What’s one goal you have for the next year as the new UPLC Coach?

The UPLC provides a unique opportunity for us, not only to work with agencies from around the state, but to also bring everyone together to learn from each other. I’m excited to get to build relationships with everyone and enhance services for Virginia’s underserved populations. My main goal for the first year is to assist Sexual and Domestic Violence Agencies in the pursuit of creating a Virginia that is more inclusive, culturally responsive, and equitable to all of those in need of services.

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Trivia team


To reach Katie, email her at kmoffitt@vsdvalliance.org. To learn about the UPLC project, visit our website here.

Children, Families, Survivors, Our Nation, and Humanity Deserve Better Than Family Separation and Family Detainment

George Santayana once said, “Those who cannot remember the past are condemned to repeat it.”

During a shameful era of our nation’s history, then-President Franklin Roosevelt isolated thousands of people of Japanese ancestry and forced them into concentration camps under the guise of national security. Although separation of families was not part of the policy, over a thousand people were incarcerated and unable to communicate with their family members. Of those forced into detainment, at least 17,000 were children under the age of ten. Conditions of the concentration camps included overcrowding and excessive police force and brutality.

Now, a little over 70 years since the closing of the last American concentration camp, history has been doomed to repeat itself. In April, the Trump administration passed a “zero-tolerance” policy of forced separation of migrant families – which resulted in the separation of more than 2,000 migrant children from their parents. Then, last week, Trump issued an executive order ending the forced separation and instead replacing it with indefinite family detention, meaning that “children would be held in facilities that are essentially jails with their parents for months, or even years, until they ultimately received legal status — or, more likely, until they were finally deported.”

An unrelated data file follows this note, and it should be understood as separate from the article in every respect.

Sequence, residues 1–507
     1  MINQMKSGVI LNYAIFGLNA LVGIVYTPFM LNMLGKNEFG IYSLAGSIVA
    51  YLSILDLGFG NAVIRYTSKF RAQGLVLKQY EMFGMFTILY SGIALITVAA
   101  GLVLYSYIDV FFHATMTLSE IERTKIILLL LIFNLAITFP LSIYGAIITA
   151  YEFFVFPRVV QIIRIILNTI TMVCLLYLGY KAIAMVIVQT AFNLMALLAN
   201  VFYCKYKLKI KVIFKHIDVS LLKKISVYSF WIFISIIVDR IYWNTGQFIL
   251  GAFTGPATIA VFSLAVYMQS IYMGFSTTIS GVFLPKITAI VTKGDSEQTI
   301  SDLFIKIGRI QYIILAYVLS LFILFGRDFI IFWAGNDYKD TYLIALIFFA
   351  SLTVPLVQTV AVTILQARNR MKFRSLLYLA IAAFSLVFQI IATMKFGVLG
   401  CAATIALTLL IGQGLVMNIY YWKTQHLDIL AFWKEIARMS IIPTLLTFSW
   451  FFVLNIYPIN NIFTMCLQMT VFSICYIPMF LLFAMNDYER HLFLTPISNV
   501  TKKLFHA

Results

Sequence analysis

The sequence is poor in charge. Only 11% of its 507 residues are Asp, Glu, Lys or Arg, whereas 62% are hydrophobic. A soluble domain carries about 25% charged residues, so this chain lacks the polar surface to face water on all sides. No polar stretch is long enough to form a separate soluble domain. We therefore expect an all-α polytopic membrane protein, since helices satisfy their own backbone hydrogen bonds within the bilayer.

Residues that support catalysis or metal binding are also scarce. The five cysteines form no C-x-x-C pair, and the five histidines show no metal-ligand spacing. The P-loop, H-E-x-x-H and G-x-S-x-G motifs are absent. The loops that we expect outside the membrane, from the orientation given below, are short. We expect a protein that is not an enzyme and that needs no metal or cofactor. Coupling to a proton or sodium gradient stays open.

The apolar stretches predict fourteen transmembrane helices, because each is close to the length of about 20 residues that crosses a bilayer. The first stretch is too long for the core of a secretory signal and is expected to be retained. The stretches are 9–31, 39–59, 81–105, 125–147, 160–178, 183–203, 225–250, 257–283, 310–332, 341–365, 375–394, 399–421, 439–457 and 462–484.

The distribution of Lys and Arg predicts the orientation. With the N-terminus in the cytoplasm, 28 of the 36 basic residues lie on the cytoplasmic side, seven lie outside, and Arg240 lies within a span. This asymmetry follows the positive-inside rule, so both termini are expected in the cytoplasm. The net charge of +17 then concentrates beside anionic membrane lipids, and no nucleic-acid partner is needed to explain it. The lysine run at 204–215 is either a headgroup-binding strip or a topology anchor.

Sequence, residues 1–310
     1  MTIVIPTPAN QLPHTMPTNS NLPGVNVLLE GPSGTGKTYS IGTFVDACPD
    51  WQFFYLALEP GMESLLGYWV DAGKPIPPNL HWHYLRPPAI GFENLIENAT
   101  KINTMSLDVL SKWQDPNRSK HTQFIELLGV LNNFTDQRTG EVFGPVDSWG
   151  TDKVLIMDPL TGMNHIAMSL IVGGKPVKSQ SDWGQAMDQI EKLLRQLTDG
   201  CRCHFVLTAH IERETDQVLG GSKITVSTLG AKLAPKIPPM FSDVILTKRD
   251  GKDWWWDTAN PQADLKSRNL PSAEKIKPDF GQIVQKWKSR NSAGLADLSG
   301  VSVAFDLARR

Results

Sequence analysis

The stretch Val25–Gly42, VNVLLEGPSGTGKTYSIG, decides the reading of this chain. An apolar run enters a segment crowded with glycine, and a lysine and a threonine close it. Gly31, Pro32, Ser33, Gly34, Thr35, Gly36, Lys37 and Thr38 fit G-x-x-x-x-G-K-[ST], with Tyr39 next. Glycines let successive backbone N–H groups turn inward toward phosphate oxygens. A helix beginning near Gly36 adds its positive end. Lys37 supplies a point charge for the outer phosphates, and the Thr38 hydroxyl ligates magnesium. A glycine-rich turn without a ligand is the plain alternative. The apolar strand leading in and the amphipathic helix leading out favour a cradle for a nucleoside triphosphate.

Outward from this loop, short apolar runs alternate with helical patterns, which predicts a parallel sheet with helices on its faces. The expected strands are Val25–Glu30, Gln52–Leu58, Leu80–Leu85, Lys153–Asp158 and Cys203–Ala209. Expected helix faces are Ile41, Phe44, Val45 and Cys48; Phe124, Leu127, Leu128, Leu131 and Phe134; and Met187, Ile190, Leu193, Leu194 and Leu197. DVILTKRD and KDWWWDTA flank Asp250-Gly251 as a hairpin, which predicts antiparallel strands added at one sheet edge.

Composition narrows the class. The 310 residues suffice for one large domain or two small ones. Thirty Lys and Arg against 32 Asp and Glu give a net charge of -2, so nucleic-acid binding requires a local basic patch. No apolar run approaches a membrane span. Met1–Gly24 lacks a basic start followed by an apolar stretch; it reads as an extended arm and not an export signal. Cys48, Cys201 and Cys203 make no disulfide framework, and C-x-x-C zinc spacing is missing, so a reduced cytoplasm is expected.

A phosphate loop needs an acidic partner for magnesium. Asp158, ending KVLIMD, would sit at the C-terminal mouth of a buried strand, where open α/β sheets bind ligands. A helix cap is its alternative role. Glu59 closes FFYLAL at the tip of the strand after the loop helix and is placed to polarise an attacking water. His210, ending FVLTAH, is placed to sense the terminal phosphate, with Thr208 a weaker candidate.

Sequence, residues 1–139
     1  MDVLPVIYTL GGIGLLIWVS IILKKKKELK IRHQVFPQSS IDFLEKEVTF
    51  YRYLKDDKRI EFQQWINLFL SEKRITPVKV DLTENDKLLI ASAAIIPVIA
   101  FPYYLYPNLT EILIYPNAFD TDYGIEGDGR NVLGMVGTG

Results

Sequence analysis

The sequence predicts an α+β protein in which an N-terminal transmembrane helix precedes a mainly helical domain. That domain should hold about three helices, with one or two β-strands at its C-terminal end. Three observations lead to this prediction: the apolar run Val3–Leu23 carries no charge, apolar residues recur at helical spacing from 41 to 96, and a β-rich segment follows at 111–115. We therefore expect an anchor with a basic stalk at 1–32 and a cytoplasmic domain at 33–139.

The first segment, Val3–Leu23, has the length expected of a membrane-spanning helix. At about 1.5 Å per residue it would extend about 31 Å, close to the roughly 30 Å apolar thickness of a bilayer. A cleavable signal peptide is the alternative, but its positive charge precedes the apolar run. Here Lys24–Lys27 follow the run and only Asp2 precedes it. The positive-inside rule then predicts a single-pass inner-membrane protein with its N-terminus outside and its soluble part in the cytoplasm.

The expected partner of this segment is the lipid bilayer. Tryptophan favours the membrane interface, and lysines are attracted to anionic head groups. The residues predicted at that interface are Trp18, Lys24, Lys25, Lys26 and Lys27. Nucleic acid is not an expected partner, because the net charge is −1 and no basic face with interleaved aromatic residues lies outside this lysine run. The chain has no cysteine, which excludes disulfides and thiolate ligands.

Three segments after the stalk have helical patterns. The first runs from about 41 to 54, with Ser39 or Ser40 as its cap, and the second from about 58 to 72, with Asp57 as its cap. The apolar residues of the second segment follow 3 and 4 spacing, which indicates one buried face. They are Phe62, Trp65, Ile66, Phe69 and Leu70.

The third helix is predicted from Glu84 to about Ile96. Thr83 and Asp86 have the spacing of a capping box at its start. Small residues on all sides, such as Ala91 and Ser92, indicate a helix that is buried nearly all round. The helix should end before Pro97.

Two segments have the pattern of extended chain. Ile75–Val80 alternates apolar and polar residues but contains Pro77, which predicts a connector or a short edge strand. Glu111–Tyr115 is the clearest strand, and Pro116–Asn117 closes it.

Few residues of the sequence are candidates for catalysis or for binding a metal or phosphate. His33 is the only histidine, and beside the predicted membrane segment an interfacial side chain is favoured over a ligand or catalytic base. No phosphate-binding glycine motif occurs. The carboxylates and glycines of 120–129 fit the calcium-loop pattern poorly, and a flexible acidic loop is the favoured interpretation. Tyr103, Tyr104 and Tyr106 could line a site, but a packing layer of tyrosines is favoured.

It has been proven that exposure to such toxic stress in children’s leaves – whether it’s getting forcibly removed from their parents or suffering detainment during their childhoods – has serious, long-term consequences for children’s development. Such toxic stress can lead to stress hormones such as adrenaline and cortisol flooding children’s systems – hormones that over time can start killing off neurons and thus resulting in consequences that may cause not only learning and behavioral problems, but physical and mental health problems as well.